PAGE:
Saturday, April 29, 2006

April 26, 2006 - Physical Therapy

At my last appointment, Dr. Lerner wrote me a prescription for some physical therapy, because I’ve been finding my stamina to be so low. This afternoon, I go to Life Fitness – a fitness center and physical-therapy program run by our local hospital – for an evaluation.

I’ve been a “fitness center” member of Life Fitness in the past; I used to go over there regularly in the morning, to walk the treadmill, ride the stationary bike and go through a cycle on the weight machines. As with so many good intentions, that one always went by the boards eventually. After backsliding for a few months, I’d return and re-up, beginning the whole cycle of good intentions and self-recrimination all over again.

Today is different. Today I’m going to the mysterious upstairs of the Life Fitness building. The second floor is where they do the physical therapy. I’ve been aware of friends who have gone there – most recently, Robin, our associate pastor, following her knee-replacement operation – but in all my years of walking the treadmills downstairs, I’ve never ventured up to this second level.

As I climb the stairs, I don’t feel like I belong there. Am I really sick enough to need physical therapy? I ask myself. But then I remember how easily I get out of breath these days, climbing the stairs or walking the dog, and I tell myself not to be a fool. Think of it as an opportunity – an opportunity to get back into shape.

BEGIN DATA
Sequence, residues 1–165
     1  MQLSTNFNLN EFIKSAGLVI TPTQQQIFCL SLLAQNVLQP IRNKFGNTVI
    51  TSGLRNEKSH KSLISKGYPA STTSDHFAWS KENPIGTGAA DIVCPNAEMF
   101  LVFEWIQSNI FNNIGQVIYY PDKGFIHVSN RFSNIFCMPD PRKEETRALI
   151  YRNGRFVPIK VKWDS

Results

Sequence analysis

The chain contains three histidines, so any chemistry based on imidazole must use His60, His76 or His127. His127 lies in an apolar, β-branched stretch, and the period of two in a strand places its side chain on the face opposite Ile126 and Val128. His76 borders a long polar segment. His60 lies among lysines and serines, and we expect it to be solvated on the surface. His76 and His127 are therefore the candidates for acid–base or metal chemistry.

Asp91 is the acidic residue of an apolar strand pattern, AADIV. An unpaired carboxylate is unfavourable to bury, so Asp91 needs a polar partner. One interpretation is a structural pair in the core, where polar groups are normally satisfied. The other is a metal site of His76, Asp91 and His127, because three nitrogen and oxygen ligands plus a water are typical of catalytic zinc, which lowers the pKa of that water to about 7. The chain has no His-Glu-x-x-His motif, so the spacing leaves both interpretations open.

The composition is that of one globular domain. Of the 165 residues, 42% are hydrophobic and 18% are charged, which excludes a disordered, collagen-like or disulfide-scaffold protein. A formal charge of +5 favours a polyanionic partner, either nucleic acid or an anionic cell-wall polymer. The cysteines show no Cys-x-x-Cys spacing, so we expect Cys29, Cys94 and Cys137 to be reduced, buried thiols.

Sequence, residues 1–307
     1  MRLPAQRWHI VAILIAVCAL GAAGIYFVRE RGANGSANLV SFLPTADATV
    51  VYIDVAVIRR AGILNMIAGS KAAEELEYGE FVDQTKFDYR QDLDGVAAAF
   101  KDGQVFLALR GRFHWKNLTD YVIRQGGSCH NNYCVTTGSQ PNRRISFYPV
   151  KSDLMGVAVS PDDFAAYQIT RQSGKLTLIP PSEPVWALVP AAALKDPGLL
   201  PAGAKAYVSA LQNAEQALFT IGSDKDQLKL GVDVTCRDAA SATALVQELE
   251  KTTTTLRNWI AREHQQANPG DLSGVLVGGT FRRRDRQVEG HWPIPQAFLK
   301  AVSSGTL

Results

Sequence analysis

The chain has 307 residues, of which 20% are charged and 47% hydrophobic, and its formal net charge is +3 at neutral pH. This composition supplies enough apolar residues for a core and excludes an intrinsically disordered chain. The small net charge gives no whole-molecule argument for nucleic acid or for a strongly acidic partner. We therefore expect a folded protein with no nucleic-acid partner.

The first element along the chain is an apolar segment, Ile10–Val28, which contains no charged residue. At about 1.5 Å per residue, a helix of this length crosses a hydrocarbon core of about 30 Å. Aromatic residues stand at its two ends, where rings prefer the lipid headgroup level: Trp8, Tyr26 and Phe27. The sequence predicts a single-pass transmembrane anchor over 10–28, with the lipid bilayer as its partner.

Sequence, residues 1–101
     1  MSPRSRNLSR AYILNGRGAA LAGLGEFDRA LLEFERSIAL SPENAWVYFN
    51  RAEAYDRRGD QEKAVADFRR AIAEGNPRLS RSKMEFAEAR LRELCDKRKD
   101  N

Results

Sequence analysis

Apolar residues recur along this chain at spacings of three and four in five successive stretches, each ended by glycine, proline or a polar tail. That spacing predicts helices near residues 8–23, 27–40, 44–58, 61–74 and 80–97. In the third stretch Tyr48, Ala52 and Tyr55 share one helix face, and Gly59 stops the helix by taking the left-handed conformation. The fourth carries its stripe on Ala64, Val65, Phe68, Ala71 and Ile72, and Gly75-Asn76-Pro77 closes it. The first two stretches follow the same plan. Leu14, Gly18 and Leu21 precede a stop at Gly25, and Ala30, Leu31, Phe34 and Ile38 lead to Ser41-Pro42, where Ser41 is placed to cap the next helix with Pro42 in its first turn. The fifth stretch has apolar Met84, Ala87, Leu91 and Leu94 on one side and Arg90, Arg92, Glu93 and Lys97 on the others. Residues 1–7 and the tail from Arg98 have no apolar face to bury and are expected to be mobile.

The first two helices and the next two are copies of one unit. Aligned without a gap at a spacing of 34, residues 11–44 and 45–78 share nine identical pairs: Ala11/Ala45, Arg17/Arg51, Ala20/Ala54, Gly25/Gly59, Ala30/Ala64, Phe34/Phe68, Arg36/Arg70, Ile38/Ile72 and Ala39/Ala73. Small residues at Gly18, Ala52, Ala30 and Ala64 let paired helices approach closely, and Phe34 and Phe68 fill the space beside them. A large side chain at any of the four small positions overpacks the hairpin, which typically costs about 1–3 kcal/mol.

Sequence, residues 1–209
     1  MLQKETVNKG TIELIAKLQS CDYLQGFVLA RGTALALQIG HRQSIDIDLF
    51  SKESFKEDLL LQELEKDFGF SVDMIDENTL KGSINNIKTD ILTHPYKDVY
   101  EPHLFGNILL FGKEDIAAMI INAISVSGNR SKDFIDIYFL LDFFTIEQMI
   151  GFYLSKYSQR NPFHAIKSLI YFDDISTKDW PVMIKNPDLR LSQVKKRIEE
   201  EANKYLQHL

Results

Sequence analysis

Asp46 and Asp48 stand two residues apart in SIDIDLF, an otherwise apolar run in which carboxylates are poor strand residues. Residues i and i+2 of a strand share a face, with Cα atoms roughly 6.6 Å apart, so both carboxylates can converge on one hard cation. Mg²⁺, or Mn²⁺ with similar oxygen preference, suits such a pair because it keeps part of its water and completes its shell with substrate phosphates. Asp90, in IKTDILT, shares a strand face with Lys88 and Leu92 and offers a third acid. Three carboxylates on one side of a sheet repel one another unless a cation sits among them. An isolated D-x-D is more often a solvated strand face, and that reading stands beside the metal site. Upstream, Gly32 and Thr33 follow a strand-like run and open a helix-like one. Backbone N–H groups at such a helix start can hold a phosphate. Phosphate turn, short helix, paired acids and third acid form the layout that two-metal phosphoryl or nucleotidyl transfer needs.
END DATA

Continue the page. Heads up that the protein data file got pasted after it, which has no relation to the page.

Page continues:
It turns out, the physical therapists upstairs are no strangers to cancer fatigue. They take what I say about physical exhaustion and shortness of breath seriously. I may not have a new knee like Marilyn, a church member I just encountered in the waiting room. My blood pressure may be normal. I may be able to walk around without pain. But I have much less stamina when it comes to cardio-vascular activities than I did before, and it turns out there are some things we can do about that.

This first day consists of an intake interview and examination, and some stretching exercises. I learn that my range of motion, particularly with my legs, is not what it should be. Lori-Ann, my therapist, gives me some stretching exercises to do at home, on the days I don’t have therapy appointments.

If nothing else, the appointments will get me out and doing something physical: in a measured, gradual way that will keep me from getting discouraged and giving up on exercise altogether (my usual pattern). I’ve thought of myself in the past as a not-so-physically-fit person who had nothing to blame for his sad state of bodily disrepair but himself. Now I can blame the cancer, at least for these latest problems. Maybe the three-times-a-week appointments will be more of an incentive than the drop-in-whenever-you’d-like system of my past fitness center membership.

Let’s hope so, anyway.

1 comment:

Anonymous said...

Those appointments are the ticket!!
Nothing like having a PT ("physical terrorist", with apologies to the wonderful staff!) expecting you to be there!